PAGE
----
The term “accursed” is a special word in that it has a vast array of definitions. Luckily for us, we can assume that Paul probably had the Hebrew equivalent in mind when using this Greek word – “anathema.” The Hebrew word, “harem,” means “something which God sets aside for destruction.” It also carries the connotation of something that is to be banned or expelled. Some have even translated this word as condemnation – “damned.”

If that doesn’t make you feel a little uneasy reading, consider that Paul uses this word twice in his introduction. It’s like he is saying, “Let me say this again, in case you missed it the first time.” Paul is using possible exaggeration to express the importance of this situation. Paul, who probably came to the Galatians with grace and love, is now saying that to preach or accept what the Galatians are hearing and accepting deserves condemnation. I’m sure hearing this phrase once was enough to startle the Galatians.

Note that Paul didn’t actually call curses from God on the men who were preaching this false gospel. He went around it with tact, saying that even an angel or he himself would deserve condemnation if they ever preached a gospel different than the true gospel of Christ.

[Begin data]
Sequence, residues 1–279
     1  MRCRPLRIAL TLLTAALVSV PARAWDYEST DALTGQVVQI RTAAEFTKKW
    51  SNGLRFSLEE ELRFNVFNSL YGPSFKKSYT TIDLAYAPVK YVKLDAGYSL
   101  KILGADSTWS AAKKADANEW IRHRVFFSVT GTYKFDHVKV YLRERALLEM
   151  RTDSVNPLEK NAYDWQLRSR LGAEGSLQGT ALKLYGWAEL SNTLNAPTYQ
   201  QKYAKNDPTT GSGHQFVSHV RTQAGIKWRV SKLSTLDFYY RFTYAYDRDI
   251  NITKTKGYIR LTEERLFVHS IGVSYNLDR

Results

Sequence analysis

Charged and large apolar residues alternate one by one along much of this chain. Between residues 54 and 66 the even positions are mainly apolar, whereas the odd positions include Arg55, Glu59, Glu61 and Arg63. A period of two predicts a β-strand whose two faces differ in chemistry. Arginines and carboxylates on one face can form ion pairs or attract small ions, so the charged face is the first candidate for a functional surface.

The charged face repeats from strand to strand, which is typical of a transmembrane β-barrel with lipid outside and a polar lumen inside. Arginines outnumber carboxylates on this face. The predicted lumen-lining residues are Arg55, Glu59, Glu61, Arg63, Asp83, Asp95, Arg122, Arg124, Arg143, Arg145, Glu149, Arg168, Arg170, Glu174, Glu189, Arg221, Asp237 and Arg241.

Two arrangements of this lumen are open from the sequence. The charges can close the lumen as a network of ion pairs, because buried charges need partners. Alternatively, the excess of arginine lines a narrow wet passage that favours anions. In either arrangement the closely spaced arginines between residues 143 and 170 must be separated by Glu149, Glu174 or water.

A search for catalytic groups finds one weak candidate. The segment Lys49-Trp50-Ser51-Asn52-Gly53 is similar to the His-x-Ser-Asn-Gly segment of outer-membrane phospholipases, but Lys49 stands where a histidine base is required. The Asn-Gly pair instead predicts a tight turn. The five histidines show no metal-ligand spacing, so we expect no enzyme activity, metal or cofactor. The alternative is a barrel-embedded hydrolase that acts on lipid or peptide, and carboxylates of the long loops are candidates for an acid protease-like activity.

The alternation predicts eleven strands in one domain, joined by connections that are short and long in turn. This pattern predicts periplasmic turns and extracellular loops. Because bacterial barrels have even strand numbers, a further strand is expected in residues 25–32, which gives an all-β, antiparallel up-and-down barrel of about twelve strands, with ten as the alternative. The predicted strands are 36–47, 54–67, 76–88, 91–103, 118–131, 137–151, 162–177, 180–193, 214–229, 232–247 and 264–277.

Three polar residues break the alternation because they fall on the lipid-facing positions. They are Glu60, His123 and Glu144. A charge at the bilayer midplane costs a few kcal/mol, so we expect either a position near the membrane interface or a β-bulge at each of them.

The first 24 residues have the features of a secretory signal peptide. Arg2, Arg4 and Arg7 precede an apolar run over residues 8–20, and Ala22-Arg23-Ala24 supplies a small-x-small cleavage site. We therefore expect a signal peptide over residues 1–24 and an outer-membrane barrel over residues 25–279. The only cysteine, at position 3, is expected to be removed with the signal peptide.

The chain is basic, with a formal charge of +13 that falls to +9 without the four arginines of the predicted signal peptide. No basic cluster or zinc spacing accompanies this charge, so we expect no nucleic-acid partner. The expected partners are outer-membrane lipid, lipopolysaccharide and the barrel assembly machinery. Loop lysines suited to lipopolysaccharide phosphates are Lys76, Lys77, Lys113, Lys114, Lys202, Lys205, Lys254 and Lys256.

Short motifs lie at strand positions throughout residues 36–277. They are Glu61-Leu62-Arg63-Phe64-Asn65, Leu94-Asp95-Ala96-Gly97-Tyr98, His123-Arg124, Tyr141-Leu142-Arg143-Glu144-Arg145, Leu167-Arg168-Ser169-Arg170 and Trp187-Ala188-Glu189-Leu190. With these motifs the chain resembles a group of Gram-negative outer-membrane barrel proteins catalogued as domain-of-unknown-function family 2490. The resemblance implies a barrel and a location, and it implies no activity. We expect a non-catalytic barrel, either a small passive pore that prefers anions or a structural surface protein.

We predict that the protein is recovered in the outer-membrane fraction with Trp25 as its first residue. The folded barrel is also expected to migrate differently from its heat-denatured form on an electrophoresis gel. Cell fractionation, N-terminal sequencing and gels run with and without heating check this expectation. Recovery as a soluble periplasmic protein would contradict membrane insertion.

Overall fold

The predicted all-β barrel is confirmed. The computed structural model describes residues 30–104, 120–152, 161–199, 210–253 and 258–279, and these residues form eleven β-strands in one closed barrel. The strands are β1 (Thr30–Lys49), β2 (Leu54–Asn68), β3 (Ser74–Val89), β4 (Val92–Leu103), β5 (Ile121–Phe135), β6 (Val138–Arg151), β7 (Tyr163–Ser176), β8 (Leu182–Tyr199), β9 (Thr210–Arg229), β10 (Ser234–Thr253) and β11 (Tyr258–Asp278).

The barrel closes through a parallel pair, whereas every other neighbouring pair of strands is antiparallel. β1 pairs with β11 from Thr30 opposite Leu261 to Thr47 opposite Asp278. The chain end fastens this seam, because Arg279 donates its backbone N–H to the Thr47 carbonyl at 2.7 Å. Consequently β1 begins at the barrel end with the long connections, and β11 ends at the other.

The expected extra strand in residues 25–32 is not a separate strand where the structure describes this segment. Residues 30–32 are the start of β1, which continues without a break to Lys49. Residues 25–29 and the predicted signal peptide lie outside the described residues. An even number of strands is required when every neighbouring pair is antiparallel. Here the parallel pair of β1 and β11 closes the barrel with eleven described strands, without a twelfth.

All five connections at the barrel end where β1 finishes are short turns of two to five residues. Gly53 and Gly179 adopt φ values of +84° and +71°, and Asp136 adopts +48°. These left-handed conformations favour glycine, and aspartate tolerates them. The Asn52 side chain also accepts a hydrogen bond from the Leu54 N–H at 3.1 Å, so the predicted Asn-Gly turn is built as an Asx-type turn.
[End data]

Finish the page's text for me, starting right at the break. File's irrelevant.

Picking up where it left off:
He was willing to call judgment on himself:

That was how much the gospel meant to him.

That is how much Jesus’ redeeming work meant to him.

Does your heart ever break for those who are following a lie? How important is truth to you? How much does the gospel mean to you? Do you correct people who misrepresent God or Jesus or Christianity? What have you done in your own life to make sure you never stray away from the truth? You can read Paul’s urgency, his frustration, and his passion for God in every word he wrote in this letter. Grasping the truth of the gospel meant life and death to him.

How much do you care about the gospel?

The Bad Good News – Galatians 1:6

“I am astonished that you are so quickly deserting Him who called you in the grace of Christ and are turning to a different gospel— not that there is another one, but there are some who trouble you and want to distort the gospel of Christ.” –Galatians 1:6

“I’ve got some good news and some bad news.” This was not what Tom wanted to hear. He was sick, and not just that kind of sick. He was sick of hearing the same bad news every time he went to the oncologist. He wasn’t sure how much longer he could take it. The positive spin and the optimism of the doctors was encouraging the first couple of times, but now Tom was just ready to be better. What was the point of having any good news if it was drowned out by the bad? The doctor noticed Tom’s thoughts were drifting and quickly tried to continue the conversation.

“So do you want the good news first or the bad?”